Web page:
Your first 30 seconds
Much has been made about the infamous ‘elevator pitch’ and those of us in marketing struggle on a daily basis to capture the imagination of customers and prospects in 30 seconds or less with something quippy and memorable that describes what our company or organisation does.
In a recent conversation with the Marketing Director of a global IT company, even they found it difficult to tell me quickly why their company was ‘different and better’ than their competitors.
But what about your own, personal 30 second pitch?
If you find it difficult describing your company’s assets in a positive way, try describing your own. It can be quite hard to shout about yourself without feeling embarrassed or fraudulent. Having said that, developing your own pitch can open doors to opportunities you might not realise are presenting themselves
Take for example, the opportunities presented by an airline queue or a hot tub.
As a marketing professional, I am proud to say that I bagged two of my most lucrative positions from conversations in an airline queue and in a hot tub at a hotel spa, dispelling once and for all that most business is done on the golf course! Now, I have to say, I wasn’t exactly looking my best in either location, but thankfully, my personal pitch was enough to compel the other party to want to know more and subsequently, to hire me to do two very nice pieces of work, (thank-you very much!).
We recently gave a training workshop at Cisco for marketingmoves interim personnel where we thought about the ‘first 30 seconds’ and we reviewed our personal brands. We also focused on our personal elevator pitches and developed a much more sophisticated articulation of what we’re all about, personally and professionally. Have a look at our website and work through the training: www.marketingmoves.com/personal-branding.
The big message is; ‘You’re the CEO of you’ and your main job is to market yourself. The starting point is to make sure you know who you are and where you want to go and then, to put an articulation around a structured plan in place to make sure you get there.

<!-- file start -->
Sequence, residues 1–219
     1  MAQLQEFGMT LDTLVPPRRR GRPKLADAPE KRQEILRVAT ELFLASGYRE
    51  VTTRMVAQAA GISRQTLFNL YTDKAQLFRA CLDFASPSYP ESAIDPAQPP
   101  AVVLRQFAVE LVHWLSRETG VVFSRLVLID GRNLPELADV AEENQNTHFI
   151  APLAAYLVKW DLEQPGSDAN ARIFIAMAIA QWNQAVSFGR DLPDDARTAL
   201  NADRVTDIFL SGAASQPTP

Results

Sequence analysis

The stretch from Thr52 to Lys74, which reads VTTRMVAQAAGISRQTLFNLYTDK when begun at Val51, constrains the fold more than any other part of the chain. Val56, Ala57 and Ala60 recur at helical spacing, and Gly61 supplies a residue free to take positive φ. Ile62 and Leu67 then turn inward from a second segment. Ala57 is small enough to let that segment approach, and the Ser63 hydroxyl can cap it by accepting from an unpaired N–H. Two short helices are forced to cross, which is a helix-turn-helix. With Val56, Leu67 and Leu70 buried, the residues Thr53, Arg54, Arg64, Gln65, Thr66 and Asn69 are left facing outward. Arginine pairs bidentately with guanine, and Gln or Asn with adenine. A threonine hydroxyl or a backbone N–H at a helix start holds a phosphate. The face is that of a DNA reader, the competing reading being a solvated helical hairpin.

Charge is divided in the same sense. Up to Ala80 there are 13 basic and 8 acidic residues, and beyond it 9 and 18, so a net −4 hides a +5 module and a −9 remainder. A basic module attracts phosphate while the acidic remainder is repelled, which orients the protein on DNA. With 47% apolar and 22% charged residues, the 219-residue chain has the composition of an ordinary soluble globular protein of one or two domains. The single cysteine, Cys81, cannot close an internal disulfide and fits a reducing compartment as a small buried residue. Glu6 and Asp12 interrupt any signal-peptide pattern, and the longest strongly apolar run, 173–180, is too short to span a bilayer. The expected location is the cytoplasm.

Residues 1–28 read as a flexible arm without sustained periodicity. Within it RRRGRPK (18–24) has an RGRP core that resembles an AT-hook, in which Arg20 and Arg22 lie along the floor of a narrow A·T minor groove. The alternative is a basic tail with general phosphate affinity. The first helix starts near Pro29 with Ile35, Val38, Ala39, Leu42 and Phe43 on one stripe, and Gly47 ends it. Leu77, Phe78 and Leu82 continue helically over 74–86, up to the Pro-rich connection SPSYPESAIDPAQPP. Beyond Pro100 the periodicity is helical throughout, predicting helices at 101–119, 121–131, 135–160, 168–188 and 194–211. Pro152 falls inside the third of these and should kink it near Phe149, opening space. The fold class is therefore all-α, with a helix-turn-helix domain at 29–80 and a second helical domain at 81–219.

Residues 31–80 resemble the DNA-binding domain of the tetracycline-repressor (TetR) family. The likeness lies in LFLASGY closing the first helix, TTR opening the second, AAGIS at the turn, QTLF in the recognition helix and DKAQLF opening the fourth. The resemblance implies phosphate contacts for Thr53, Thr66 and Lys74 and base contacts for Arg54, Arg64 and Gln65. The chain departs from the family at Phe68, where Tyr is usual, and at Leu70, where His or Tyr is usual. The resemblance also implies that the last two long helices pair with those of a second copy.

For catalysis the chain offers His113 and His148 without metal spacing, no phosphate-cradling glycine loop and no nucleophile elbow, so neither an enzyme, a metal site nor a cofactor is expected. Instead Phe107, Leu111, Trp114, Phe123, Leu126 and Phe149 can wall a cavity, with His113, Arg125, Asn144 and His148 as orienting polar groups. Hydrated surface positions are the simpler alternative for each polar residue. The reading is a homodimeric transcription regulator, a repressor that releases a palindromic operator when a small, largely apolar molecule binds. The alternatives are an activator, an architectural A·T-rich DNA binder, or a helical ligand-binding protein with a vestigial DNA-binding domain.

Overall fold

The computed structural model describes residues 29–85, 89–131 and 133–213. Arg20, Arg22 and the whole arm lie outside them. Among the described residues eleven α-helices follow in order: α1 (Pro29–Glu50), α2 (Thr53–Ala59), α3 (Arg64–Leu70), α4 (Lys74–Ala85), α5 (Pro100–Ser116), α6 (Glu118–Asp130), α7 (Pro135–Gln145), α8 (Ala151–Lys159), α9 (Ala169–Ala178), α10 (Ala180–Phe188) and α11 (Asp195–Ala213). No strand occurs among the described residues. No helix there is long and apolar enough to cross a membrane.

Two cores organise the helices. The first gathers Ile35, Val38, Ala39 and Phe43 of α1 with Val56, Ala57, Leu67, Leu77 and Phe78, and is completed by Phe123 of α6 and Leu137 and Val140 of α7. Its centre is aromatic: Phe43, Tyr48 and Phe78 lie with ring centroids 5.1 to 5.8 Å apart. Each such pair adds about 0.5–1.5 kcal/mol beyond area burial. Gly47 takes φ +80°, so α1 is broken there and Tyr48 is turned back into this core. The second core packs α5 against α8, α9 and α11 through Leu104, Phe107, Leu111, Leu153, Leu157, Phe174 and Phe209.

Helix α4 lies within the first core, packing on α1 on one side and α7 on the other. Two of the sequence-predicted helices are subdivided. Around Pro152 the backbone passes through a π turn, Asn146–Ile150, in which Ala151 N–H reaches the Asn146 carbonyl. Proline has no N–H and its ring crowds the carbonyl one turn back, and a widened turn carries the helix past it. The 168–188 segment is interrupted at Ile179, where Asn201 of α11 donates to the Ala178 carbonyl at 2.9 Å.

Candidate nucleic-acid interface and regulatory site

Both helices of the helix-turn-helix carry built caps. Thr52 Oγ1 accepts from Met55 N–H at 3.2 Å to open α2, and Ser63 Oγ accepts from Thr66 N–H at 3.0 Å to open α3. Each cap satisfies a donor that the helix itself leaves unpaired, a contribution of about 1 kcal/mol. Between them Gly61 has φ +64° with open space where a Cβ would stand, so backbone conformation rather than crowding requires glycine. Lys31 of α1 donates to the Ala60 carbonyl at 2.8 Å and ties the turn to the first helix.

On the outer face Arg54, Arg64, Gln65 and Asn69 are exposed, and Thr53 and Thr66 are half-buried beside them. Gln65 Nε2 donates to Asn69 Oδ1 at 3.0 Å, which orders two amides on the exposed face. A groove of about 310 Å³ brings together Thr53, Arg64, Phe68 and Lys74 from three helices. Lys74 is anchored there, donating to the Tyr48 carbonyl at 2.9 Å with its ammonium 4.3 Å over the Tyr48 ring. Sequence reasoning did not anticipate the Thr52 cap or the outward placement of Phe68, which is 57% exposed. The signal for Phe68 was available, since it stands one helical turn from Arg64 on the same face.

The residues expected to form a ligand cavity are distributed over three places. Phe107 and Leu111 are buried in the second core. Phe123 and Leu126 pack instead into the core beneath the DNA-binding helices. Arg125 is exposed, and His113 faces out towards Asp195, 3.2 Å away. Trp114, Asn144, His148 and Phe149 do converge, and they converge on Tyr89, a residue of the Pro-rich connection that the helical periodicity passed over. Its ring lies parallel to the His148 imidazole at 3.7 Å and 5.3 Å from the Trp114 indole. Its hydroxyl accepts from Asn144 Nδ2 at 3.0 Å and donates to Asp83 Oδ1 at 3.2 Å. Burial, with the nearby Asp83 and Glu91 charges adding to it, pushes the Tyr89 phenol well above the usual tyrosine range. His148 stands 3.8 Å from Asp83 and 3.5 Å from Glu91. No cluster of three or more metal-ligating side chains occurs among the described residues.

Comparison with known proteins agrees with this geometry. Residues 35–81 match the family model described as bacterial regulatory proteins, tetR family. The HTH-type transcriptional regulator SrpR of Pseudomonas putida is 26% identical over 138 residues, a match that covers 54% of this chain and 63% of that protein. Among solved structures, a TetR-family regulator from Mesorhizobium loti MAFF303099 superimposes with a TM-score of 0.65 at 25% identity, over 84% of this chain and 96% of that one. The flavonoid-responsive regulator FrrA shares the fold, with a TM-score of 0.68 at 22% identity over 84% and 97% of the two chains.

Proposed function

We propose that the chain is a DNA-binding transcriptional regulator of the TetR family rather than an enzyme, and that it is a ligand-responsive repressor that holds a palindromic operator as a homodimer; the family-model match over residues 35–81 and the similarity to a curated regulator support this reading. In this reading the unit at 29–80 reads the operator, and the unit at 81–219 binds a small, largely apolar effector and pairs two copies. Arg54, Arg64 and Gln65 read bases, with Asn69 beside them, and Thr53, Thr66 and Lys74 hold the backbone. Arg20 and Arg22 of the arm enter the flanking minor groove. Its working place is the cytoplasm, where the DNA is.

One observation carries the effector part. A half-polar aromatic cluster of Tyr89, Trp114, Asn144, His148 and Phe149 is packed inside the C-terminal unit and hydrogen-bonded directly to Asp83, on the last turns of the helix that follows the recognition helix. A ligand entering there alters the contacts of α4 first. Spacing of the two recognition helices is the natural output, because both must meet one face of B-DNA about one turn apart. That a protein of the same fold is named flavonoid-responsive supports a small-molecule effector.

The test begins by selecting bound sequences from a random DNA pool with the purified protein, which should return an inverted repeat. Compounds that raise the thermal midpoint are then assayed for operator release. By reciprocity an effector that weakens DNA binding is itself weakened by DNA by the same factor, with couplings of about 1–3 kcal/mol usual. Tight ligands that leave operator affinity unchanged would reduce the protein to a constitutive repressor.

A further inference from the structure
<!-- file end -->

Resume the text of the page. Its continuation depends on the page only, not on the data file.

We can help, so give us a call on 01932253352
Compiling your CV
The CV that you send to us is the CV that we forward to potential employers. It is how you market yourself and as such should first and foremost be achievements based. Do not attempt to write a book, instead use bullet points where possible. Ideally the CV length should not run to more than 3 pages.
Listed below are a few suggestions
1. First Page – Personal details with Education/Qualifications and Training. Also include an ‘Experience Overview’ which should highlight your core Business, Marketing, Commercial and Technical skills etc.
2. First/Second Page – Career history in reverse chronological order to include months and years for each role. Over and above this we suggest the following format:-
- Describe in one or two sentences the profile for each employer/division in terms of products/turnover/size etc.
- Highlight your immediate superior and any direct reports. Also include budgetary/P&L responsibilities. This should also be done in sentence format.
- Again in sentence format describe your overall remit for each role or specific responsibilities in bullet point format.
- List specific qualitative/quantitative achievements (up to 6) in bullet point format relating to each role. This is the most important part of the CV.
3. If you adopt this format to cover all your previous jobs from the last circa 10 years, then you will have a clear, concise and consistent CV.